“It’s a lot of fun,” Satterlee said. “I think she’ll maybe be able to have a little bit of an idea of what’s going on. Last year she was just an infant. But it’s fun. We definitely enjoy having her around. It’s changed life, so to say. It’s good.”

11:17 a.m. | Promising outlook for Bare

Piloting the Bryan Klinedinst-owned No. 43A, Tyler Bare of Rockbridge Baths, Va., enjoyed a breakout 2018 season, which included nine victories and a $20,000 payday in Ultimate Southeast Series action at Virginia Motor Speedway in Jamaica. Now, the second-generation driver is focused on improving in 2019.

“We had a pretty successful season last year,” Bare said. “A lot better than we thought we were going to have, I think. We went downhill there at the end a little bit, but you’re going to have your ups and downs. I hope next year we can get a few more wins.”

Moving up to primarily race Supers in 2018, Bare’s plans are much the same heading into a new season. While he will be racing for Klinedinst again next year, the pair has yet to work out a race schedule. Bare’s just hoping he gets to make the trip to Eldora Speedway in Rossburg, Ohio, for its crown jewel events.

“I think we’ve got a new car coming and we’re probably going to keep the old one, too,” Bare said. “We’re probably going to sit back on the Crates this year and focus more on the No. 43A. We’ll go run my dad’s stuff when we’re not running the No. 43A stuff. We ain’t really got a schedule together. We’re supposed to sit down right after Christmas and figure out what we’re going to do. I think we’re going to run a few more races than we did. Hopefully, we can hit the Eldora races though.”

Bare’s unsure of where he’ll kick off his 2019 season. Right now, his focus is on testing and getting both himself and his car better heading into the new year.

“First and foremost, we’re going to test five or 10 times. Hopefully we can get a little bit better when we go to the Outlaws or the Lucas stuff. Just stay up on our game, really. If we can get a track the whole day, that would be great. It’s going to be a big thing for us, just going to test, practice, change stuff, see what we need, what does work and what doesn’t work. That’s where we struggled at last year.”

11:10 a.m. | Burroughs-Richards connection

It was just last week that Clint Bowyer Racing announced Josh Richards of Shinnston, W.Va., would be replacing Darrell Lanigan of Union, Ky., behind the wheel of the No. 14. Long-time CBR crewman Anthony Burroughs is looking forward to having Richards, a former Lucas Oil Late Model Dirt Series champion and three-time World of Outlaws Craftsman Late Model Series champion, come on board.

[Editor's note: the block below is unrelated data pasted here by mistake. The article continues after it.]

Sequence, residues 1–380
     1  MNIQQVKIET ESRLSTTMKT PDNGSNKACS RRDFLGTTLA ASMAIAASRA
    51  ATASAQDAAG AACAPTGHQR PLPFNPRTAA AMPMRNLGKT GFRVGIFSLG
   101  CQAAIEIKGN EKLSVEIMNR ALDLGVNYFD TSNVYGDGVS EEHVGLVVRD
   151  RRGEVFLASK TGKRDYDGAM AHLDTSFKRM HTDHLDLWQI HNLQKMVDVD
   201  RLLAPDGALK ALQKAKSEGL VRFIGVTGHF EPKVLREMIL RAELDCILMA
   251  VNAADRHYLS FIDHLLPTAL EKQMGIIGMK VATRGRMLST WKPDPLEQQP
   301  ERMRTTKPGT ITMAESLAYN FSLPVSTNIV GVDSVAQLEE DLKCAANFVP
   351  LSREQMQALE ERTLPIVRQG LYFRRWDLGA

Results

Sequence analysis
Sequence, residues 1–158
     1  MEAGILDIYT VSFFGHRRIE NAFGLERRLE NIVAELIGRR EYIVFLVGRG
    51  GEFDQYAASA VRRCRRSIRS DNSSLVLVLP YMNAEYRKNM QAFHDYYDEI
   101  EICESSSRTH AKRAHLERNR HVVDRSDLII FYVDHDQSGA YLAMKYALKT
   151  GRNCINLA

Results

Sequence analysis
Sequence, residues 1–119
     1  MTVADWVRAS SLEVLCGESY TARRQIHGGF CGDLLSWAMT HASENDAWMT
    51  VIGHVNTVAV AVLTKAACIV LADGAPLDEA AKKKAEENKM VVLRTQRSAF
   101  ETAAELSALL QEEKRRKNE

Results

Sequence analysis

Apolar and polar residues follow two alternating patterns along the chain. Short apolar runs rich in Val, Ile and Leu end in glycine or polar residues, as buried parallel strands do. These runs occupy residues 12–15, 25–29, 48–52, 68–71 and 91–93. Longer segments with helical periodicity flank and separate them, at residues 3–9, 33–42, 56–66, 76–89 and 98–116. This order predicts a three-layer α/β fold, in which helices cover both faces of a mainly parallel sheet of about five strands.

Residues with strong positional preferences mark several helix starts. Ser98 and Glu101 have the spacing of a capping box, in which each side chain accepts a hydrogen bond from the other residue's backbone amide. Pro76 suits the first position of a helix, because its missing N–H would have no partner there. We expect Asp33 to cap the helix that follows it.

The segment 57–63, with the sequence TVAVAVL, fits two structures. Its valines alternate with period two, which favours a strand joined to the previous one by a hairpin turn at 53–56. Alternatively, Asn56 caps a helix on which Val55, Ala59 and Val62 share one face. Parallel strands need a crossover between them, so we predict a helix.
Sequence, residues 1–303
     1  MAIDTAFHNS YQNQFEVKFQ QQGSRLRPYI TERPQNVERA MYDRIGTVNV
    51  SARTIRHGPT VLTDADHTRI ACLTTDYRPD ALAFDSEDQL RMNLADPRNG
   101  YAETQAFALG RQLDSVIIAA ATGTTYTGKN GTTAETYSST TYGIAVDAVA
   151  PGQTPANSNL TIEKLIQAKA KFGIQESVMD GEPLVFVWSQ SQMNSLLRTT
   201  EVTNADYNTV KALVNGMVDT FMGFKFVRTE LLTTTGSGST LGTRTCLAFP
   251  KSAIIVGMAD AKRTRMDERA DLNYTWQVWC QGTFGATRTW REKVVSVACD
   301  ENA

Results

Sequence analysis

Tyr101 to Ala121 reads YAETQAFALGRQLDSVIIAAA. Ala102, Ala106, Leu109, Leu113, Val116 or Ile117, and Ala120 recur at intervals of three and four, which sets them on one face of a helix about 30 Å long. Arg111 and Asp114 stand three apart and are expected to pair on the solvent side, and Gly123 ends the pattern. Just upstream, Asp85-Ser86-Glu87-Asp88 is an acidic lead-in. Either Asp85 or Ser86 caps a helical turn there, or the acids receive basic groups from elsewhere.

“I’m really excited about it,” Burroughs said. “He was at the shop last week and he’s real hands on and really, really smart. He certainly brings a lot to the table. I’ve enjoyed working with every driver I’ve ever worked with. You always learn something different from each and every one of them.

“They’re all the best in the business, as far as I’m concerned. I’ve been very fortunate as far as that goes. But (Richards) is very hands-on from a technical standpoint. There’s a lot that he’s going to bring to the table and help us grow, I feel like.”

Burroughs has worked with a few different drivers in his time with CBR, primarily with Don O’Neal of Martinsville, Ind., in recent seasons. He’ll serve as crew chief to Richards in 2019.

“Really everything is status quo,” Burrough said. “Nothing’s really changing. Just instead of being with Don (O’Neal), being with Josh. Other than that, everything’s pretty much the same.”

10:59 a.m. | Carvin the consultant

After spending years on the road working for a string of drivers that includes Ronnie Johnson of Chattanooga, Tenn., Riley Hickman of Ooltelwah, Tenn., and Casey Roberts of Toccoa, Ga., long-time crew chief Brad Carvin is enjoying his new role as a racing consultant. Taking a step back was a tough decision, but he knew he wanted to be there for his family.

“You’re riding up and down that road and you get that phone call, ‘Hey, how’d the ball game go?’ And it’s ‘Dad, you should have seen this catch!’ or ‘I made this tackle!’ After a while, you realize you need to be there to see the majority of that. You’re still going to miss some, but I want to be there to see the majority.”

Coming off the road has made life much less stressful for Carvin, who everyone calls Urkel. He said the average fan doesn’t see just how much time and work goes into the sport and producing good results.

“The outside world don’t really realize the stress that goes into racing,” Carvin said. “You devote your whole life to racing. And that’s the truth. If you don’t, you’re not going to run good. And that’s the thing that as a fan, I don’t think some of the fans realize the work, the time, the effort that goes into racing. If you’re not thinking about racing 24 hours a day at this day in time, you better get out of racing. If you don’t give 110 percent, you’re going to waste a lot of money and a lot of time.”

But working with different drivers has given Carvin different perspectives on racing that are helping him as a consultant. He’s a stickler on being prepared when you show up to the racetrack, a lesson he learned from veteran Ronnie Johnson.